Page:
Monday, April 10, 2017

Another one by Matthew Borczon

He had
21,000
rounds of
ammunition
5 illegal
guns and
a list
of enemies
but in
the end
the soldier
only shot
himself.



Matthew Borczon is the author of two books of poetry: A Clock of Human Bones from Yellow Chair Review and Battle Lines from Epic Rites Press. His third book Ghost Train will be out in June from Weasel Press. He is a nurse and Navy sailor in Erie, Pa.

Saturday, April 8, 2017

I shouldn't watch the news by Matthew Borczon

After a
nightmare
full of
the dead
children
of Afghanistan
carrying the
dead children
of Syria
I wake up
to carry
my 8 yr
old up
the stairs
to bed
fighting back
the urge
to wake her
just because
I can.



Matthew Borczon is the author of two books of poetry: A Clock of Human Bones from Yellow Chair Review and Battle Lines from Epic Rites Press. His third book Ghost Train will be out in June from Weasel Press. He is a nurse and Navy sailor in Erie, Pa.

Friday, April 7, 2017

Senryu by Maureen Kingston

in the exurbs
cornfields exhale
walmart bags



Maureen Kingston’s poems have appeared or are forthcoming in Akitsu Quarterly, Blue Earth Review, B O D Y, Chrysanthemum, Failed Haiku: A Journal of English Senryu, Haibun Today, hedgerow, Hermeneutic Chaos Literary Journal, Modern Poetry Review, moongarlic E-zine, Prune Juice: Journal of Senryu & Kyoka, and Red Paint Hill.

Thursday, April 6, 2017

Baiting the Hook by Ben Rasnic

Coming to terms
with that last offering
from a crushed pack
of Salems
now snuffed
down to the filter,
you sift frantically
through the overfilled ashtray
for something to light
because the lure
of vodka & tonic
still wavers enticingly
from the shallow bottom
of your crystal cocktail glass.



Ben Rasnic finds sanctuary in a quiet Bowie, Maryland subdivision where the only sounds at night are crickets and the lonesome wail of a passing Norfolk Southern freight train.

Tuesday, April 4, 2017

The Opposite of Love by Jessica Siobhan Frank

I’d prefer apathy to his blatant
hatred of the woman
he’s falling out of love with.

She hollers and he responds.
I have to watch.

I hold him up,
my body is his backboard
my affections keep him from falling,
but I ache for his attention
towards me, towards us,
the future he promised me,
the feverish words he used
when he was wooing me.
Let me take care of you.

I said he was wounded,
needed time to heal,
a year at least,
even if that meant we missed out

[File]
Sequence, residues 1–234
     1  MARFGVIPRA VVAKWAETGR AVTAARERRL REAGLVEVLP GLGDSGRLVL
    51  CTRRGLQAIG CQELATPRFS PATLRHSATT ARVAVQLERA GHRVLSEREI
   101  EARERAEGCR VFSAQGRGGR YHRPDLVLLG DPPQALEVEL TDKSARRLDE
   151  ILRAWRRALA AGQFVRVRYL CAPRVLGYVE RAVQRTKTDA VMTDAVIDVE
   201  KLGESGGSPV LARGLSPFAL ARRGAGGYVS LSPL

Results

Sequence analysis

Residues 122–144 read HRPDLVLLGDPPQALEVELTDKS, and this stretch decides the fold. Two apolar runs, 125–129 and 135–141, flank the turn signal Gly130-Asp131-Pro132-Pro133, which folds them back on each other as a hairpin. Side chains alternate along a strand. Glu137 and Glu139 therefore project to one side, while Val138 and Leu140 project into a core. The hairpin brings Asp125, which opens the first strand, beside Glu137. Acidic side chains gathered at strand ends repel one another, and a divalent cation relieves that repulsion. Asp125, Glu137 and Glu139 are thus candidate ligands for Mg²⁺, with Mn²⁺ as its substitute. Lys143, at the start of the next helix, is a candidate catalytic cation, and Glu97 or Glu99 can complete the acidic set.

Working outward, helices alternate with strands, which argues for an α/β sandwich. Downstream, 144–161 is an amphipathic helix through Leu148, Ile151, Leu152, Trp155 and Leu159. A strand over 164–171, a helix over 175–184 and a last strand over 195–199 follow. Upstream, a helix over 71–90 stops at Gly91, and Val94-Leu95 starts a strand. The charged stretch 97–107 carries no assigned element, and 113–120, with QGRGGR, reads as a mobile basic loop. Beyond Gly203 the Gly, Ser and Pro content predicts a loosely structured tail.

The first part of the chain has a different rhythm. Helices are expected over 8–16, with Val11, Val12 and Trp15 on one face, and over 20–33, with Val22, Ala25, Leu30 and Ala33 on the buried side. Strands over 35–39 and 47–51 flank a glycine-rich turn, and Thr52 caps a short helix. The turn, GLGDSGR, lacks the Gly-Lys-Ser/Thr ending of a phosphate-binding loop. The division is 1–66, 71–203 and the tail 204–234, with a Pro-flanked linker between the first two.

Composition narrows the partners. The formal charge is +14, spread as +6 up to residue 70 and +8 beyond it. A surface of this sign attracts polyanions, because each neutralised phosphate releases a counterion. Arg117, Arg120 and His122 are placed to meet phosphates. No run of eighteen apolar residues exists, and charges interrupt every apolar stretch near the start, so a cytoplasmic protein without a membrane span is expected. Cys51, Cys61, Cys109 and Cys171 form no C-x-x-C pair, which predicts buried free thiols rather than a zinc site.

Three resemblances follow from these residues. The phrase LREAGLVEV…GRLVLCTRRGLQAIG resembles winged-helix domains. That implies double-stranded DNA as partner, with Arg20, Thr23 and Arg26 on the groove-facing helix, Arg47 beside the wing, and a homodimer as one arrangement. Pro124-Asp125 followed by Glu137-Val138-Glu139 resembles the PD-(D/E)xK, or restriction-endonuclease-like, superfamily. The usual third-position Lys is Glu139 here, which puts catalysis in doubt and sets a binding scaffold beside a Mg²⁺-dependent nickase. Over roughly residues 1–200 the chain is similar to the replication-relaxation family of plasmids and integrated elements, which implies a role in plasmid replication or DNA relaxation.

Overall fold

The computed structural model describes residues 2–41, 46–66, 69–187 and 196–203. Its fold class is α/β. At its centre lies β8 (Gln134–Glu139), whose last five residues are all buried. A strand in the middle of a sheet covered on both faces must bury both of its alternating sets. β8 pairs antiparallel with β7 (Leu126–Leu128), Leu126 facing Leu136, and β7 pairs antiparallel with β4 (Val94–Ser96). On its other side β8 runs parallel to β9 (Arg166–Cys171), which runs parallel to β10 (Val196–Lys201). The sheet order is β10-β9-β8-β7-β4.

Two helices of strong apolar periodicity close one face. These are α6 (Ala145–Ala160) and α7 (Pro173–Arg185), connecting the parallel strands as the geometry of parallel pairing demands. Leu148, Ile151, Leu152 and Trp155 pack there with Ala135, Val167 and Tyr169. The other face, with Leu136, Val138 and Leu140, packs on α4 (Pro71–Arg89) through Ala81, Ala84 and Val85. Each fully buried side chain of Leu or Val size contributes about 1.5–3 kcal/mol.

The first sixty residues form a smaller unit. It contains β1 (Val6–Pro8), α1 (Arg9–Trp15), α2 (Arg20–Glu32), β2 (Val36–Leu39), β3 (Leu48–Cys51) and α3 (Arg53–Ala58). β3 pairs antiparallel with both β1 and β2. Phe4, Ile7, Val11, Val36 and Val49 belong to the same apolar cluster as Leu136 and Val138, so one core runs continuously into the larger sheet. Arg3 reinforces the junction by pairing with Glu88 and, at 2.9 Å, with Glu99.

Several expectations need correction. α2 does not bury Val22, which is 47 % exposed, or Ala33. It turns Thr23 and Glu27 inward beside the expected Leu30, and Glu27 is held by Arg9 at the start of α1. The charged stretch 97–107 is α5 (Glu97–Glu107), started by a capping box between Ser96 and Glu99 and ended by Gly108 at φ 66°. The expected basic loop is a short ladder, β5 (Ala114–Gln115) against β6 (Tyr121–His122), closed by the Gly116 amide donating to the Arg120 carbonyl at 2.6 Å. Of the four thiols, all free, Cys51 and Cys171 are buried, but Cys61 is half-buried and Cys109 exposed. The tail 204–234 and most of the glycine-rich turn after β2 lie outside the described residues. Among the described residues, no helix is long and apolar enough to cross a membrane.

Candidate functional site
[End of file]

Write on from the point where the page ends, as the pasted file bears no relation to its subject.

on each other. I loved him that much.
But his words were sure:
A year is arbitrary. I’ve found you now.
His convictions more solid than mine.

And now I’m here for him,
dressed in armor.
I know more about her
than he knows about me.
His anger for her his favorite
thing to talk about.
And I hate being right.



Jessica Siobhan Frank is an MFA candidate at McNeese State University. Her work has appeared in Ninth Letter (online), Cliterature, Portage Magazine, and other publications. She currently lives in Louisiana, but is originally from the Chicago area.

Thursday, March 30, 2017

Backseat World by Peter Dabbene

I learned about the world in the rear
seat of my parents' car. Not
the way you're thinking, you
dirty bird—age six or seven, feigning
sleep, eyes shut tight, but the insides
of my eyelids bright as we passed orange
glow streetlights.

*Flashes*

"It's just not working out."

"The doctors say there's not much they can do."

"Can you believe what she said to me?"

They rarely listened
to music while driving and our world
was sealed, self-contained except
for the odd honk. If ears closed
as easily as eyes, would they?

The secret language
of adults made me glad
to be a kid and fearful
of the future; now,
in the car, there's always music.



Peter Dabbene’s poetry has been published in many literary journals, and collected in the photo book Optimism. He has published the graphic novels Ark and Robin Hood, the story collections Prime Movements and Glossolalia, and a novel, Mister Dreyfus' Demons. His latest books are Spamming the Spammers and More Spamming the Spammers. He writes a monthly column for the Hamilton Post newspaper. His website is
www.peterdabbene.com.

Friday, March 24, 2017

Less One Tree by Richard Martin

The harsh scream of a power saw –
in a towering fir, a man climbing
awkwardly upward, intent on baring
the trunk, until –
with a muted crash the top few metres
fall to the ground.
The felling of any tree arouses sadness,
but when I look again,
I can only sense gratitude –
a whole new view has opened up
between the distant hillside woods
and the nearer houses –
an open meadow, an ascending line
of bare trees, marking what seems
a footpath, leading –
in a brief moment my view has widened,
drawing my gaze towards it –
a new scene to re-invent,
to invest with meaning.